by McQ | December 9, 2007 7:50 am
Oh, joy, the energy bill has passed the House. It appears to be “policy” disguised as a collection of mandates.
On Thursday, just over a year after winning the majority, Democrats in the House of Representatives voted through an energy bill that represents a stark departure from the administration’s approach. It would raise vehicle fuel efficiency (Cafe) standards for the first time in over 30 years, by 40%, to 35 miles per gallon for both cars and light trucks and SUVs. A renewable energy standard mandates that utilities generate 15% of their power from renewables by 2020. It would set a renewable fuel standard aiming to generate 36 billion gallons of ethanol a year by 2022. A tax package would roll back some $13.5bn in oil industry subsidies and tax breaks to help pay for $21bn worth of investments in clean energy development, mainly in the form of investment tax credits for wind and solar, along with the development and purchase of plug-in hybrid vehicles. And it would raise efficiency standards for appliances and buildings.
Oh my, how times have changed! Massachusetts Democratic Ed Markey, chair of the house climate committee, has called it the “perfect political moment” for a sea change in energy policy. Oil prices are flirting with $100 a barrel.
Let’s parse this a little, shall we?
It would raise vehicle fuel efficiency (Cafe) standards for the first time in over 30 years, by 40%, to 35 miles per gallon for both cars and light trucks and SUVs.
And that will do what? Increase the price of automobiles. As usual, it’s a mandate for which you, not anyone else, get to pay.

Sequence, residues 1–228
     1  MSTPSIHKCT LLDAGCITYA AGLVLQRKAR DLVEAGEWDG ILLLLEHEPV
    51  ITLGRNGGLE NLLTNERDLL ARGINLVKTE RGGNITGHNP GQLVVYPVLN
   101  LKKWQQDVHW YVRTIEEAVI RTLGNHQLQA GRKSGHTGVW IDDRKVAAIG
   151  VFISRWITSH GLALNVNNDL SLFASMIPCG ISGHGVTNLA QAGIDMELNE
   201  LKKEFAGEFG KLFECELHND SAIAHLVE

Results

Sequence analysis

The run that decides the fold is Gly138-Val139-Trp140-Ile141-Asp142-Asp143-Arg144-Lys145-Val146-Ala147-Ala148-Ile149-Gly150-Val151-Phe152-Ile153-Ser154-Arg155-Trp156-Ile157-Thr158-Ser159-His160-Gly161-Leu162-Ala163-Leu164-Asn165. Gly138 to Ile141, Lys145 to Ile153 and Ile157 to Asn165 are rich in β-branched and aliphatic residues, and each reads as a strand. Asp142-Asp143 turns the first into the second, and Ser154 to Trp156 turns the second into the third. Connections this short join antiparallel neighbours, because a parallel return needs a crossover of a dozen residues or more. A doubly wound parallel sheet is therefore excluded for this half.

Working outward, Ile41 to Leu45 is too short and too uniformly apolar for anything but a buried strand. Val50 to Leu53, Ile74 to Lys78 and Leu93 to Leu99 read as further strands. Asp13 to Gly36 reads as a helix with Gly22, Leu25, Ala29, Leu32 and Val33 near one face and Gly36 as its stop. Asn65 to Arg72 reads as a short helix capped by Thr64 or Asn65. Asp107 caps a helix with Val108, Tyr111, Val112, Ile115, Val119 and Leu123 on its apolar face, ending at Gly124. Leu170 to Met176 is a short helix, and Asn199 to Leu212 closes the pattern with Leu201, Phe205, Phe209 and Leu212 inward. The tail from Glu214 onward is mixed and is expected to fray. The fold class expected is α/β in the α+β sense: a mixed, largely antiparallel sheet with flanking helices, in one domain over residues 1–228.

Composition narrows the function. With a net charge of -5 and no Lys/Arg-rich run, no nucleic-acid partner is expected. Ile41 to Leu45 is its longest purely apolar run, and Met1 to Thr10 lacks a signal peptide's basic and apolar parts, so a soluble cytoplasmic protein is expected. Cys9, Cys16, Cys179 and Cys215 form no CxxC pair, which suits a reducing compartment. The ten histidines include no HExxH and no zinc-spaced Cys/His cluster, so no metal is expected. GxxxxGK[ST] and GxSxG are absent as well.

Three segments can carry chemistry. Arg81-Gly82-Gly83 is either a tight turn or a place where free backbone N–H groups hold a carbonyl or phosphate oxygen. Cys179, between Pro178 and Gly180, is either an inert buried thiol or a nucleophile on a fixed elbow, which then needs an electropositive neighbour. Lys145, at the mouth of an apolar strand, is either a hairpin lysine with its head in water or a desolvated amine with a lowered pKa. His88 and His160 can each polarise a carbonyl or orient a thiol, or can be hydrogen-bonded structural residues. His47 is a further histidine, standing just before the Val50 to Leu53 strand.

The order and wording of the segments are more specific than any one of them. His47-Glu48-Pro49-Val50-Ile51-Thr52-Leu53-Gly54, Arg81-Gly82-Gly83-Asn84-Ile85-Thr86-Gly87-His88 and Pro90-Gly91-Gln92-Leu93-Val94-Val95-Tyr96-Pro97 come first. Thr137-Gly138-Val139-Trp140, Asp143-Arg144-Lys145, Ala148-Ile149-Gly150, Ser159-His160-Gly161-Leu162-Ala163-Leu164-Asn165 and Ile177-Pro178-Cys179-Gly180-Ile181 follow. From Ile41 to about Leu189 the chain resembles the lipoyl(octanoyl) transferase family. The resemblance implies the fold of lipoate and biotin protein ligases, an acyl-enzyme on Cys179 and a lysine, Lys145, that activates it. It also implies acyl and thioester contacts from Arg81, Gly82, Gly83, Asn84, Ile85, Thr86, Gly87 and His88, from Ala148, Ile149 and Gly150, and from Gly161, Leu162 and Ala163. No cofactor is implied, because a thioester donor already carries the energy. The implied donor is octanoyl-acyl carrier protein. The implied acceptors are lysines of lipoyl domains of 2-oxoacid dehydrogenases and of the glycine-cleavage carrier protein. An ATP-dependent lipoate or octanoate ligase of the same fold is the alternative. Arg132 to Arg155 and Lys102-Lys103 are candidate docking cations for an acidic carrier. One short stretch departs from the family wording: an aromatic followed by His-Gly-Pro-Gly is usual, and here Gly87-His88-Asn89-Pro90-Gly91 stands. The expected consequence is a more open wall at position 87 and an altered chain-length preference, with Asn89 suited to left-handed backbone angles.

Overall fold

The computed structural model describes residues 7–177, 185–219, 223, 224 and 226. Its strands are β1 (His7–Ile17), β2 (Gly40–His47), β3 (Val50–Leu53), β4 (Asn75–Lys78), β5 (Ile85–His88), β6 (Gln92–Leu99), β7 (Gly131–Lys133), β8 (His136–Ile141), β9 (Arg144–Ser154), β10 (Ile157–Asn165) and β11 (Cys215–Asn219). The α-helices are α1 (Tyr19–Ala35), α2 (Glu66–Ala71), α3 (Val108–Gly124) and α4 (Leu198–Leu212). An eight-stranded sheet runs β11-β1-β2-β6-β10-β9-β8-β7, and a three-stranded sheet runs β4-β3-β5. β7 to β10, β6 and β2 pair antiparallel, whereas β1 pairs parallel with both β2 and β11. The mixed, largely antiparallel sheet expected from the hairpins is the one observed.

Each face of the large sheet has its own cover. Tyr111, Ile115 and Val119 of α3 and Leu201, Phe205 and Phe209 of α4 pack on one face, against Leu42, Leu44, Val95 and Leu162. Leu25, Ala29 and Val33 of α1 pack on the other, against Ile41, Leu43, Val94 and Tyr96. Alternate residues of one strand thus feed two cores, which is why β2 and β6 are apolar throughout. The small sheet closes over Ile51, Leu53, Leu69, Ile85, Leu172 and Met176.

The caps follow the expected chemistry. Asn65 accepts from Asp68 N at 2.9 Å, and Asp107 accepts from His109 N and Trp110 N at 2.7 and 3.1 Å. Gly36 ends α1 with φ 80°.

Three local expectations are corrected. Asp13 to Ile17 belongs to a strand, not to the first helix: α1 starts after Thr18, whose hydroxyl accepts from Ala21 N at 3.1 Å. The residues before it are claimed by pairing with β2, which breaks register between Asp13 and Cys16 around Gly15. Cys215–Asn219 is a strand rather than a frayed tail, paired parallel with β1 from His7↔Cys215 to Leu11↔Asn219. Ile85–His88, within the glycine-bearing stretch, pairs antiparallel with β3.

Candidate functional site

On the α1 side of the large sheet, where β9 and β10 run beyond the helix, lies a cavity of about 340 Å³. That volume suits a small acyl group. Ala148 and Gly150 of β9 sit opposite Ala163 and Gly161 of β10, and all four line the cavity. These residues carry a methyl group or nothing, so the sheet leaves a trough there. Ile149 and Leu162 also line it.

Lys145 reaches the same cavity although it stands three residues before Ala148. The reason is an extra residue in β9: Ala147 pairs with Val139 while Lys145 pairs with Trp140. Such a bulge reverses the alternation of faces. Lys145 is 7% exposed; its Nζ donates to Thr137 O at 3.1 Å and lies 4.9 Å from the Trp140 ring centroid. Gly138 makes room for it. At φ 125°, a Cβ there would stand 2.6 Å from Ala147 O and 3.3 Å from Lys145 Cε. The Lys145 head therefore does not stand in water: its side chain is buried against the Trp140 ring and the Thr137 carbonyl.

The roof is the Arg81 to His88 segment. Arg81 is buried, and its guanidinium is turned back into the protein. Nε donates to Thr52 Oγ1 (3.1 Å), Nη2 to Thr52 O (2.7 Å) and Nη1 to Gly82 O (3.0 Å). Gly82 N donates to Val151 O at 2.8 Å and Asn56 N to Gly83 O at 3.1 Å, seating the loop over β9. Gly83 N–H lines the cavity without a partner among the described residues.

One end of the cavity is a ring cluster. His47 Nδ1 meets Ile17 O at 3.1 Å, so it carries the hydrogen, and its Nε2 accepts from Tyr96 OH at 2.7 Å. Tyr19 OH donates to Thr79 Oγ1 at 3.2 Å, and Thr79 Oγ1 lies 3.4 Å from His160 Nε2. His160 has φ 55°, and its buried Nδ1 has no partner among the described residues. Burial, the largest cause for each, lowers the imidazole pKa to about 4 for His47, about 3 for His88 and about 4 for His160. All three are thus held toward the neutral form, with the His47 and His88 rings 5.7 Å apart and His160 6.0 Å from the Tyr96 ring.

Of course loopholes do survive – big loopholes. Dan Becker, an environmental consultant and lawyer and former official with the Sierra Club explains:
“If I am G.M., God forbid, and I produce a certain number of flexible-fuel vehicles capable of running on E85 ethanol, they will be assumed to be running on ethanol 50 percent of the time. So the fuel economy of a 20 m.p.g. truck that is technically capable of running on E85 will essentially be 30 m.p.g.
“Because the auto companies are not as stupid as they look, they have chosen to make most of their flexible-fuel vehicles their least-efficient vehicles. So they get the maximum fuel economy benefit.”
Why aren’t these vehicles running on E85 all the time? Because E85 is hard to find in many states. There are only about 1,200 stations selling E85 nationwide and only nine in New York, according to the Energy Department. Even if you can find E85 the mileage is often about 30 percent worse than with gasoline, because ethanol contains less energy per gallon.